Far below in the darkness of the spider hole, Juliette and Laraby struggled slowly forward carrying the Red Ambassador of the Locust people. Morgana, after being freed from the webs, took charge of Brian, helping him along by holding his hand. He was quite delirious and continued to mumble to himself, as did Ferdinando, who was being lead by Isabella. As they walked Juliette noticed that with her Eye-Stone she could see through the earth that fifteen feet below them there was a tunnel crossing beneath the tunnel that they were walking through. And in that tunnel she saw a figure in a black cloak, with a cowl covering the person’s head. The person, whomever it was, carried something, but she could not make out what that was. She was then distracted from that by the sound of moaning coming from the large white sack of webs attached to the wall behind her. With her mystical sight she could pierce the shadows, but not the webs themselves. Again she reflected on the fact that her Eye-Stone was limited to seeing only through that which was not magical. Whatever was inside that mass had begun to writhe and moan as the spider-children rapidly scuttled across the floor walls and ceiling toward it. Juliette considered attempting to free whomever, or whatever it was, but she feared. Having accidentally released the spider-children from their eggs, she thought, by reading the poem, she was deathly afraid that whatever was inside that large sack could be another horror. So she turned her back on it, and kept going. The debate in her mind raged for quite some time, but regardless she moved away from it. The small black spiders began to gather on the webs near the sack.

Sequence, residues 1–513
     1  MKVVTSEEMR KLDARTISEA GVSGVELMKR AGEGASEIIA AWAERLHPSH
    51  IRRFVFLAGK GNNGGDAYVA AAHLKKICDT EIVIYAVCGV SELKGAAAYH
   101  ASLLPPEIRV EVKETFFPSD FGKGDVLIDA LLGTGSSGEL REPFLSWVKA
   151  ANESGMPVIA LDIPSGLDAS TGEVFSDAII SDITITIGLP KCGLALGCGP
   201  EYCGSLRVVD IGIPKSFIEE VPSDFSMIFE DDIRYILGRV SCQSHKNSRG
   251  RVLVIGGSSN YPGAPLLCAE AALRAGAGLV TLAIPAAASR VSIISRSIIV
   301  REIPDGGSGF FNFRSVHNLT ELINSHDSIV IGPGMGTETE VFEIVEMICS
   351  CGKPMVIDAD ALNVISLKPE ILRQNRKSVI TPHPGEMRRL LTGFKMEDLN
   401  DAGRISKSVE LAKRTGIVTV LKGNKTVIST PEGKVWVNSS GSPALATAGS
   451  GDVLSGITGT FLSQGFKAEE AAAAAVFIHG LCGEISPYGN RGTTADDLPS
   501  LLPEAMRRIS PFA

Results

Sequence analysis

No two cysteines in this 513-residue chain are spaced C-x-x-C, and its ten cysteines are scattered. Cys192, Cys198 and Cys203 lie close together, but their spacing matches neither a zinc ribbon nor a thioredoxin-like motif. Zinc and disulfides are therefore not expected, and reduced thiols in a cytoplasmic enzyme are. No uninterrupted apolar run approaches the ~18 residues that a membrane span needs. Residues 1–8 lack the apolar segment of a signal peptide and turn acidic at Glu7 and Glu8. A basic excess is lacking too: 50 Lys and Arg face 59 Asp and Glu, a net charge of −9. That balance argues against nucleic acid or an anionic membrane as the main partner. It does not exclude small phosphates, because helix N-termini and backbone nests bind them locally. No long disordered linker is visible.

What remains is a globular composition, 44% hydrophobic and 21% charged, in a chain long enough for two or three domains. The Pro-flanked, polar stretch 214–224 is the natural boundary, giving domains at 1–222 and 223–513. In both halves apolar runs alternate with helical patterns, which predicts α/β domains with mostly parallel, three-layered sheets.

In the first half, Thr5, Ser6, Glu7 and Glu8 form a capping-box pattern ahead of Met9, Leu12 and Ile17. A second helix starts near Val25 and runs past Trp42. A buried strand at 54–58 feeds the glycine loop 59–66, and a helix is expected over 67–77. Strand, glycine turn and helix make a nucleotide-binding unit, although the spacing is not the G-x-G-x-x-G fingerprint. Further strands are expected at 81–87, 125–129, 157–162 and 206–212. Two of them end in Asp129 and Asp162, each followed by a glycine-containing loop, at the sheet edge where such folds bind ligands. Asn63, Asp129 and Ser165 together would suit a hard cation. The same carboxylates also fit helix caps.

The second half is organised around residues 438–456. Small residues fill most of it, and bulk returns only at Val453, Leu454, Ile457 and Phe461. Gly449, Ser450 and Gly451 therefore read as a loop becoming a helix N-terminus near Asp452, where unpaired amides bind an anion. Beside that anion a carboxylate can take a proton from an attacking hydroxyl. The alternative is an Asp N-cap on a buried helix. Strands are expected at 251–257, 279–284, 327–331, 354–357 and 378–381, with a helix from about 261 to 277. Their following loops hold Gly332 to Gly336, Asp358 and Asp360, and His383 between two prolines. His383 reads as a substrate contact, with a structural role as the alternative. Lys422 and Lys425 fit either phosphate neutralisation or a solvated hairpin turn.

At that moment Juliette stepped into the black reflection of the river, its shimmering surface glinting with starlight from somewhere. Feeling the freezing touch of the water she looked down. She then caught site of runic symbols from the webs reflected in the water. She looked up, and saw the billowing webs form a runic statement. She looked at it with a long hard stare. And suddenly she felt she knew what it said.

“John Bellowick will be King”